Healing within these ever-changing walls
In 1891, Father Roman Scholter, pastor of St. Mary's Church in Oshkosh, convinced the Sisters of the Sorrowful Mother to come to Oshkosh and start St. Mary's Hospital. The first hospital, a temporary facility, was located on the corner of Merritt and Boyd Streets. The new hospital was built on the same site. It was completed in March 1895. This four-story structure had a bed capacity of 26. It included private rooms, operating rooms, a dining room and a chapel. Building costs totaled $25,000, exclusive of furnishings.
The original hospital was used until a permanent hospital could be built. The deserted building had at one time been a house, was later remodeled into a store, and had most recently served as a saloon!
St. Mary's, which had just been erected, is a spacious and elegant building. It is almost an ideal hospital. The rooms are large, light and airy, and arranged with a view to perfect comfort and convenience. In the basement are the laundrey, kitchen, pantry and dining room, and the boiler room, the entire house being heated by hot water. Here is also a large bathroom where the Kneipp water cure will be given. On the first floor is situated the office, the large parlors, and some of the rooms which will be devoted to the patient. The chapel, with its stained glass windows lends an air of sacredness to the second floor.
The minor operating room opens directly out of the drug room and further down the hall is a room where the most dangerous operations will be performed. The operating table is of glass and enameled iron, and on either side of it sits a chair of white enameled iron. In order that the physician need not touch anything while working with his patient a series of pedals is arranged by means of which the water is turned into the granite basins. The third floor is devoted to private rooms and wards. In the babies, ward are little white iron bedsteads, entirely enclosed , that the wee ones may not fall out.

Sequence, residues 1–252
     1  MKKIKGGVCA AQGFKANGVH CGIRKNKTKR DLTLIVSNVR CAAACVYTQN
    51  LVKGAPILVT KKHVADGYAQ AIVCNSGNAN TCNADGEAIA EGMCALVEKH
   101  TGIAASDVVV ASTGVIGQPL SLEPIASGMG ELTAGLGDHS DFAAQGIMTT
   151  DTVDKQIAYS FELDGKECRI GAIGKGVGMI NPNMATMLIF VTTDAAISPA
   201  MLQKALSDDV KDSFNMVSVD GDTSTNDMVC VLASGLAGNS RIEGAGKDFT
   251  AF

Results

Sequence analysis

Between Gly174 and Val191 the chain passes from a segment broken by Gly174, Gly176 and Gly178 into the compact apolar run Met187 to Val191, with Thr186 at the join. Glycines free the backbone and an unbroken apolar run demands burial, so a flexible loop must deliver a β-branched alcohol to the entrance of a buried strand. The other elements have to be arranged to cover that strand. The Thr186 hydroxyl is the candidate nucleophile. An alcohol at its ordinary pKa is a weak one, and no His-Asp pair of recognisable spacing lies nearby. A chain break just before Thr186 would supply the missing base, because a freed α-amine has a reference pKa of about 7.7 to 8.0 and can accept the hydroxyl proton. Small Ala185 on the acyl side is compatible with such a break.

All of the rooms are furnished with bedsteads of white enameled iron, relieved by brass railings and knobs. The fourth floor is as pleasant as any, commanding a fine view of the city and the lake. The Sister's dormitory is a large airy room, ascetic in the plainness of its furnishing. To perfect the arrangement of the house and elevator has been put in, and a dumb-waiter running from the kitchen to the top story. On each floor is a bell indicator and speaking tube. The closets and bathrooms with their granite basins are porcelain tubs are convenient to all the rooms. All the floors are hard wood and the walls are calcimined.
Lakeside Sanitorium, a competitor of St. Mary's, was organized under the direction of Dr. M.E. Corbett in 1887. In 1912, he built a new $75,000 facility, named Lakeside Hospital on Hazel Street across from Menomonee Park. In 1918, the Sisters of the Sorrowful Mother agreed to buy Lakeside Hospital. They renamed it Mercy Hospital.
In 1887, the Lakeside Training School for Nurses was founded by Dr. M.E. Corbett. And St. Mary's Hospital officially opened its professional school of nursing in the summer of 1914. But it wouldn't be until 1931 that the nurses would have a separate residence and educational unit, which they would be able to call home.
In 1955, work began on a $4-million three-wing expansion and remodeling project. It included modern operating rooms, additional patient rooms, an administration facility and a rehabilitation center. Patient rooms increased to 260.
After patients transferred from St. Mary's Hospital to Mercy, the original hospital gradually became known as St. Mary's Home for the Aged. A $1-million remodeling project in 1956 was followed by an eventual name change in 1961 to Marion Home. In 1968, Mercy Hospital and Marion Home merged, becoming Mercy Medical Center and Mercy Extended Care Center. The consolidation increased bed size to 500.
Architectural drawing of the 1980 expansion.
In 1978, Mercy broke ground for a $14-million three-phase expansion project. The program provided greater space for the emergency room, outpatient area, laboratory facilities, medical records, radiology, intensive care, business and admitting offices, plus a new boiler and power plant.
On October 8, 1997, construction started on a $50-million replacement hospital for Mercy Medical Center.